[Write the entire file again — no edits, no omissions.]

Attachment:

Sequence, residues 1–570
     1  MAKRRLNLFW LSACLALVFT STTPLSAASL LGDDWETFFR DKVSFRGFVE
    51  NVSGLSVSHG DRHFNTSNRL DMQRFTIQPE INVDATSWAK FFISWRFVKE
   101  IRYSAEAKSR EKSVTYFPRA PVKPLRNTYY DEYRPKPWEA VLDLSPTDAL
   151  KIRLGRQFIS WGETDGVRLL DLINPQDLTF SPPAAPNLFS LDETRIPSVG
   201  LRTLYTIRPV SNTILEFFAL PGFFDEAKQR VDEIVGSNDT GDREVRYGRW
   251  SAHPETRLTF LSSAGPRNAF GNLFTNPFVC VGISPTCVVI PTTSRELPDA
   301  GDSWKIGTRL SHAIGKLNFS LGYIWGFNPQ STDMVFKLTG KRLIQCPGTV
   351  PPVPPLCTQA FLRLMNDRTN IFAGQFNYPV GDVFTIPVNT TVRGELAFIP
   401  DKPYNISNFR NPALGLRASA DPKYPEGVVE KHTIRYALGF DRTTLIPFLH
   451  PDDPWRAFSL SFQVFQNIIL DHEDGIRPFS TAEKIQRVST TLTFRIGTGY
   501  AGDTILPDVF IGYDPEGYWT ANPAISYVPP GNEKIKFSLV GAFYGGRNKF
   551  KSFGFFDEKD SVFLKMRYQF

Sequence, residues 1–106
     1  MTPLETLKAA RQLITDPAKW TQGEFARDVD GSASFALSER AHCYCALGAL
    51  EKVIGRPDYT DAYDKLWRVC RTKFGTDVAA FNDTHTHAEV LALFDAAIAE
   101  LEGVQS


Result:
Sequence, residues 1–570
     1  MAKRRLNLFW LSACLALVFT STTPLSAASL LGDDWETFFR DKVSFRGFVE
    51  NVSGLSVSHG DRHFNTSNRL DMQRFTIQPE INVDATSWAK FFISWRFVKE
   101  IRYSAEAKSR EKSVTYFPRA PVKPLRNTYY DEYRPKPWEA VLDLSPTDAL
   151  KIRLGRQFIS WGETDGVRLL DLINPQDLTF SPPAAPNLFS LDETRIPSVG
   201  LRTLYTIRPV SNTILEFFAL PGFFDEAKQR VDEIVGSNDT GDREVRYGRW
   251  SAHPETRLTF LSSAGPRNAF GNLFTNPFVC VGISPTCVVI PTTSRELPDA
   301  GDSWKIGTRL SHAIGKLNFS LGYIWGFNPQ STDMVFKLTG KRLIQCPGTV
   351  PPVPPLCTQA FLRLMNDRTN IFAGQFNYPV GDVFTIPVNT TVRGELAFIP
   401  DKPYNISNFR NPALGLRASA DPKYPEGVVE KHTIRYALGF DRTTLIPFLH
   451  PDDPWRAFSL SFQVFQNIIL DHEDGIRPFS TAEKIQRVST TLTFRIGTGY
   501  AGDTILPDVF IGYDPEGYWT ANPAISYVPP GNEKIKFSLV GAFYGGRNKF
   551  KSFGFFDEKD SVFLKMRYQF

Sequence, residues 1–106
     1  MTPLETLKAA RQLITDPAKW TQGEFARDVD GSASFALSER AHCYCALGAL
    51  EKVIGRPDYT DAYDKLWRVC RTKFGTDVAA FNDTHTHAEV LALFDAAIAE
   101  LEGVQS